The stars of Sagittarius supposedly form the shape of a Centaur; but more closely resemble a teapot. When the Summer Triangle is high in the sky, the Northern Cross points down along the Milky Way toward Sagittarius. As you look toward Sagittarius, you are looking toward the center of our galaxy, the Milky Way. Becasue it is the center, it is the brightest area in the heavens.

  11. well, since I’m the lone dissenting Mac user here, I feel contractually obligated to say that a PowerBook is the way to go. get the $300 AppleCare and all repairs are free for three years.

    yeah, yeah, yeah…it’s a Mac. I’m just sayin’…

  12. Remember, sweety, I’m always here if you want someone punched.

  13. Yeah I haven’t heard many good things about the reliability of the VIAO’s. I’ve had two Dell’s, (first one stolen). Both have had IBM Travelstar HD’s which are decent, I dunno if they’re still using them. My Dell is about 4 years old.

    So far the HP/Compaq nx7010 they gave me for work seems to be holding up well, and the widescreen is sweet. The previous work laptop I had was a pre-merger Compaq Evo, and it was a grade-A piece of crap. Went through 3 system boards in 2 years, and after coming in from the cold one could warm their hands in front of the constantly-running fan.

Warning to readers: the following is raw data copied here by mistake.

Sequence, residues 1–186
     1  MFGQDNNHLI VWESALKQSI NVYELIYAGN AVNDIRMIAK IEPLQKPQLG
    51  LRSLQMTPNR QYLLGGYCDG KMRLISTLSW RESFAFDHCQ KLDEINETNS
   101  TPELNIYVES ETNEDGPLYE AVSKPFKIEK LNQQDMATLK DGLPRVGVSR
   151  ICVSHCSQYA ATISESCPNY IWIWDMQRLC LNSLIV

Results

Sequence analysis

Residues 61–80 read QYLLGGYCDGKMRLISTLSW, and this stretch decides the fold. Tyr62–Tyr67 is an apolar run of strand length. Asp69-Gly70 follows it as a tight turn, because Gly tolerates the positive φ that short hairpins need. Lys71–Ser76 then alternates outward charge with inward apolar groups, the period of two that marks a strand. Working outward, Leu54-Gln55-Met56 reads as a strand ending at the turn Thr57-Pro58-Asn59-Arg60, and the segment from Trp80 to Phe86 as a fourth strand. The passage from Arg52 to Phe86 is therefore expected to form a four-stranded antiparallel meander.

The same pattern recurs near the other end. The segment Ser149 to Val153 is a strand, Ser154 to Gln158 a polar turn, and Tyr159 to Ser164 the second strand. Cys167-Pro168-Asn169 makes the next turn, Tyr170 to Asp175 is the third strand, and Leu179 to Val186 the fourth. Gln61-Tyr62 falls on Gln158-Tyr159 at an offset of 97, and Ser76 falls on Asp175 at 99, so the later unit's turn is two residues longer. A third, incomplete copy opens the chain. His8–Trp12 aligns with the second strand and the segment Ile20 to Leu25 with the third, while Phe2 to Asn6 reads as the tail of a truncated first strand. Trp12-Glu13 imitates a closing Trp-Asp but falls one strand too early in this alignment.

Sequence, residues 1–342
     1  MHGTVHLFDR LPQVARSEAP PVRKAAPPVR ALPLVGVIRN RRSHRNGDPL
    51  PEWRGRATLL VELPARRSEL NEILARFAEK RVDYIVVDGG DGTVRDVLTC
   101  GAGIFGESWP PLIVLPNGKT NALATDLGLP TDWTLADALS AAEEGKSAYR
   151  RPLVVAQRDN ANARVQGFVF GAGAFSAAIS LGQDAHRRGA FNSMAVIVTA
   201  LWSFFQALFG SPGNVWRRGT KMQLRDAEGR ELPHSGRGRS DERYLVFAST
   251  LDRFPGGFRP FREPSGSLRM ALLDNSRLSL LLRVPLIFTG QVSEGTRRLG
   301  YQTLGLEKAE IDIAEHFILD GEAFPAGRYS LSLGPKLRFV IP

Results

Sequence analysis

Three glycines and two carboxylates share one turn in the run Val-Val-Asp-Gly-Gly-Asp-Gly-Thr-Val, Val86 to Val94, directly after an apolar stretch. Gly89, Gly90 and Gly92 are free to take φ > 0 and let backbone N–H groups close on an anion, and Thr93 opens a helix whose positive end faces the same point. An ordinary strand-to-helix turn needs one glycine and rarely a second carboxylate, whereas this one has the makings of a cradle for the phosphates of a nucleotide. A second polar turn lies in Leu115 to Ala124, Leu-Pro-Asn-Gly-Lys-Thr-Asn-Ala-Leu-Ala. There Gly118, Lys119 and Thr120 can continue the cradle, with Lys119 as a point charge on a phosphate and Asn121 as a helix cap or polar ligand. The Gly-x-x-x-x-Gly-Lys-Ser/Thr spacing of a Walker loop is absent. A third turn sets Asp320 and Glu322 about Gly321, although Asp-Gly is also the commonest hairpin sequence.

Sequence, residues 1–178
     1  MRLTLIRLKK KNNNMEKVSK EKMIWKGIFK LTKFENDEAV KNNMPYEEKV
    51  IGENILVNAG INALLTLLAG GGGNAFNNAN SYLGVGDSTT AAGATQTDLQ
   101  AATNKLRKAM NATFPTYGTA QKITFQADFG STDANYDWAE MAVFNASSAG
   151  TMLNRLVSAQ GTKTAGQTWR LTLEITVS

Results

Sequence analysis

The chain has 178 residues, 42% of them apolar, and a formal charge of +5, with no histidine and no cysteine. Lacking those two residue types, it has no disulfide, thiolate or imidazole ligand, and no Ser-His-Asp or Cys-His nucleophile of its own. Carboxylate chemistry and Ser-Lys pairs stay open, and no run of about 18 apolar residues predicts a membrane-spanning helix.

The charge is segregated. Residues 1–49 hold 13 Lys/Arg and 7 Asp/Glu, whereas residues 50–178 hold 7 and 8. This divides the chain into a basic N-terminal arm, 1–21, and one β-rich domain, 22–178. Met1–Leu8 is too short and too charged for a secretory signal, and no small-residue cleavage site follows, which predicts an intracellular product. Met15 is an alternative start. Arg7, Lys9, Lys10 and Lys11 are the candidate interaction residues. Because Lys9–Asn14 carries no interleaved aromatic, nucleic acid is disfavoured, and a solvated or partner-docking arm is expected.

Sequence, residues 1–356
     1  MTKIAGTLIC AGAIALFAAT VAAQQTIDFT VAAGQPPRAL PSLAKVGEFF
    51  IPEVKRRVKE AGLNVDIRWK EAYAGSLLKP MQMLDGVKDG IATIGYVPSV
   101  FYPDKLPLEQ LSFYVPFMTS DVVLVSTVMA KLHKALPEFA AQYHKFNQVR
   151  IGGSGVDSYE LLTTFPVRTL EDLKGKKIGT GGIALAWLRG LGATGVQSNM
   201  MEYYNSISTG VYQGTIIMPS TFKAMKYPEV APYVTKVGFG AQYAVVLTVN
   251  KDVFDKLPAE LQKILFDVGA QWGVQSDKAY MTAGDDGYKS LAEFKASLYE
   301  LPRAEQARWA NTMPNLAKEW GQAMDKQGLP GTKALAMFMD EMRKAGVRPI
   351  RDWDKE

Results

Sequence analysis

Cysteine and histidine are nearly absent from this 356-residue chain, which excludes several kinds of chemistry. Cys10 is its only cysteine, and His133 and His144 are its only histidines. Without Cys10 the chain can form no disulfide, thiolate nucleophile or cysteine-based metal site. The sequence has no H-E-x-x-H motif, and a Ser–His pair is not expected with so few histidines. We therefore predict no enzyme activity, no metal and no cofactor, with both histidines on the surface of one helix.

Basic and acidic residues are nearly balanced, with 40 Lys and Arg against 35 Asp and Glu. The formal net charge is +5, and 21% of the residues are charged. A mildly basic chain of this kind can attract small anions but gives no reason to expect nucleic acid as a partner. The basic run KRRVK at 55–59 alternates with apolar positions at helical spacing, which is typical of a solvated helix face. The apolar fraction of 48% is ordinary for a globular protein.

The only Toshiba I’ve had was a Satellite, circa 1996. 100 MHz Pentium Pro. Built like a f’in TANK. I carried it everywhere in college, it got bumped around, never even hiccupped. Great laptop in it’s day, I dunno if they still build them to those durability standards or not.

  14. I got a Dell last month….bueno, I tell you, BUENO!!

  15. Get a mac. I’ve had nothing but bad luck with Dell’s, HPs, and damned near any other computer I’ve bought. I have a Mac, and it works well, and they have pretty good customer service.

  16. You should seriously consider Toshiba…my experience with them has been great.

  17. that’s funny — that’s the exact same problem i had with my HP laptop — i played with that stupid cord jack for months trying to get it just right, and luckily it failed the day before my warranty ran out so i could get it sent it off in time for free repair

    those jerks wiped my hard drive for no apparent reason at all — other than to reinstall all the spyware and AOL type junk i had deleted

  18. I paid the extra $20 or so to get the upgraded HD on my Dell and it has no problems. My biggest Dell complaint (and it’s pretty big) is that the power cord is a very poorly designed and the wire frays easily–but I have the “no questions asked” warranty, so the first time it frayed to the point of exposing a wire, they overnight mailed me a replacement.

  19. Don’t get a Dell, get an iBook. They are pretty, I promise. The OS is prettier too.

  20. I wouldn’t get a Dell; I’ve heard nothing but bad about them and their customer service. There’s Jeff Jarvis’s saga of woe, Joe Peacock’s 7-motherboard laptop, and at least 11 other stories here.

  21. When you have a problem with a Dell you might as well run it over with a car, rather than to mess with “tech” support.

  22. But the machines are great. about $300 cheaper than most competitors.